Hong Kong’s MTR Corp plans joint bid with mainland rail giant to build Kuala Lumpur-Singapore link
Project would be corporation’s first attempt to capitalise on mainland government’s ‘Belt and Road’ trade strategy
Hong Kong’s rail operator plans to join forces with a state-owned mainland Chinese rail giant to bid to build a multibillion-dollar rail line between Malaysia and Singapore, in its first attempt to capitalise on China’s global trade and commerce strategy, a top official said.
MTR Corporation chairman Frederick Ma Si-hang told the Post exclusively that the company was interested in partnering with China Railway Corporation to bid for a contract to build a 350km high-speed rail link between Kuala Lumpur and Singapore.
If it materialises, the project would be MTR Corp’s first investment under China’s “Belt and Road” plan.
“We want to expand into new markets under the ‘Belt and Road’ initiative,” Ma said. “But we are careful in considering factors such as financial viability of projects and risks.”
Ma is part of a 30-strong delegation from Hong Kong led by Chief Executive Leung Chun-ying at the Belt and Road Forum for International Cooperation, in Beijing.
Chinese President Xi Jinping rolled out the red carpet for 1,200 delegates from more than 100 countries or territories on Sunday and Monday.
Ma learned from Malaysia’s transport minister Liow Tiong Lai at the forum on Sunday that tender for the rail project was due at the end of this year, with completion expected in 2026.
Ma said MTR Corp and China Railway Corp signed a memorandum of understanding for cooperation in the initiative last December, paving the way for future partnership in more than 60 countries along the plan’s two trade corridors: the old Silk Road land route to the north, and the maritime Silk Road to the south.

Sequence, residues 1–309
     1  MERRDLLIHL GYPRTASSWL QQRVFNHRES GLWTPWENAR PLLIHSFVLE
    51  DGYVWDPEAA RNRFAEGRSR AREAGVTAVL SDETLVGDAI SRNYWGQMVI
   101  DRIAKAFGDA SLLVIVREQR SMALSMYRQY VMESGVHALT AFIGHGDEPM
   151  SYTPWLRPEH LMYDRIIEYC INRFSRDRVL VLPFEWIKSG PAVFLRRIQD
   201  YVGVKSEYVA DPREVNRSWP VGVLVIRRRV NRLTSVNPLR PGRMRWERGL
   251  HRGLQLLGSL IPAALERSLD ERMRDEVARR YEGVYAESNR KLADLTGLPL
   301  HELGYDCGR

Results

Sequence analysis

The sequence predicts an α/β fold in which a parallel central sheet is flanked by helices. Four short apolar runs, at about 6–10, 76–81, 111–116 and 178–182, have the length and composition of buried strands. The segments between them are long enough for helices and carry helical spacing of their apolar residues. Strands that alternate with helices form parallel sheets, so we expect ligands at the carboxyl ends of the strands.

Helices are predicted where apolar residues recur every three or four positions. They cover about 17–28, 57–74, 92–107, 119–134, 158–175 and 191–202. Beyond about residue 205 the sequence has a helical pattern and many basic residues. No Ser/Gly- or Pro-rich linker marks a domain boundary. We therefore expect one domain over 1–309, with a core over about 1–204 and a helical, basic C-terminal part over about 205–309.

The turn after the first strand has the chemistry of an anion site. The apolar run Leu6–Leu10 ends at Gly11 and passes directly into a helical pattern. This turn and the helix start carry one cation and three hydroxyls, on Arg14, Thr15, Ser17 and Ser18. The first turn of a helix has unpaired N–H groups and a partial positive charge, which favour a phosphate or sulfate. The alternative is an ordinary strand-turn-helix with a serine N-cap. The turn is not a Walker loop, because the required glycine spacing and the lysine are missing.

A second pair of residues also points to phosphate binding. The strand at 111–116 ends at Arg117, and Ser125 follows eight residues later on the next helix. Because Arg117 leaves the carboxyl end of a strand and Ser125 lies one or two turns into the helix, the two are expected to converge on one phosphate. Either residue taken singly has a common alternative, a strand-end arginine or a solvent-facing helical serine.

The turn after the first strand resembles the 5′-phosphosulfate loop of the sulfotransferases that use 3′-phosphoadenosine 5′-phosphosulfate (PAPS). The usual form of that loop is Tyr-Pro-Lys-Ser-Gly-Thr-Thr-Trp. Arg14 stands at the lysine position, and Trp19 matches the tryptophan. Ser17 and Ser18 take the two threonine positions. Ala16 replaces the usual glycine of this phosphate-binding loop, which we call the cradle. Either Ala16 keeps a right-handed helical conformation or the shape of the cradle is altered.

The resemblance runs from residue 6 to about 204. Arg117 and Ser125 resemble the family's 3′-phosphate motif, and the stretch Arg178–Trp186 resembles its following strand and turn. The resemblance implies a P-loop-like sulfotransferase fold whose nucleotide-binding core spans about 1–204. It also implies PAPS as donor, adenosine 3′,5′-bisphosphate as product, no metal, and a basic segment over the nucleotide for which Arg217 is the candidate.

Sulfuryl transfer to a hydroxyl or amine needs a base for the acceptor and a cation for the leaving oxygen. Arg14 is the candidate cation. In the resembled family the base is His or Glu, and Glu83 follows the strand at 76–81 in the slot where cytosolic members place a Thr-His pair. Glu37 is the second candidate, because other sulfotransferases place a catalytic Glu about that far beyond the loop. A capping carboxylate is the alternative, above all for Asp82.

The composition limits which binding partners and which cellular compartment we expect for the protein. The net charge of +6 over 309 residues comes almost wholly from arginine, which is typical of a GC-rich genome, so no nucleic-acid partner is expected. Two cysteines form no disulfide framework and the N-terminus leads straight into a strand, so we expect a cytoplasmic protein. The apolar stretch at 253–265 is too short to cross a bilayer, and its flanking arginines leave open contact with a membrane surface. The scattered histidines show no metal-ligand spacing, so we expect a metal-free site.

Ma said the rail company was inclined to take a managerial role in any future projects, which are mostly capital intensive.
“We have gone global earlier than other companies and gained some overseas experience, largely in developed countries,” he said. “When talking about investments, we have a stringent set of internal requirements on risks and returns, which are not easily met.”
Ma said there were many highly populated markets along the corridors, which promised sufficient demand for mass transit.
But risks relating to politics, financing and corruption had to be mitigated, he said.
“The financing issue can be resolved through AIIB,” Ma said, referring to the Asian Infrastructure Investment Bank, the Beijing-backed global bank, started in 2015.
As well as Hong Kong, MTR Corp’s reach includes Beijing, London, Australia and Sweden, mostly in managing rail lines.
The corporation also set up an academy last year to train engineers not only for Hong Kong but in Indonesia, Thailand, Malaysia and Macau.
Denise Tsang is reporting from Beijing.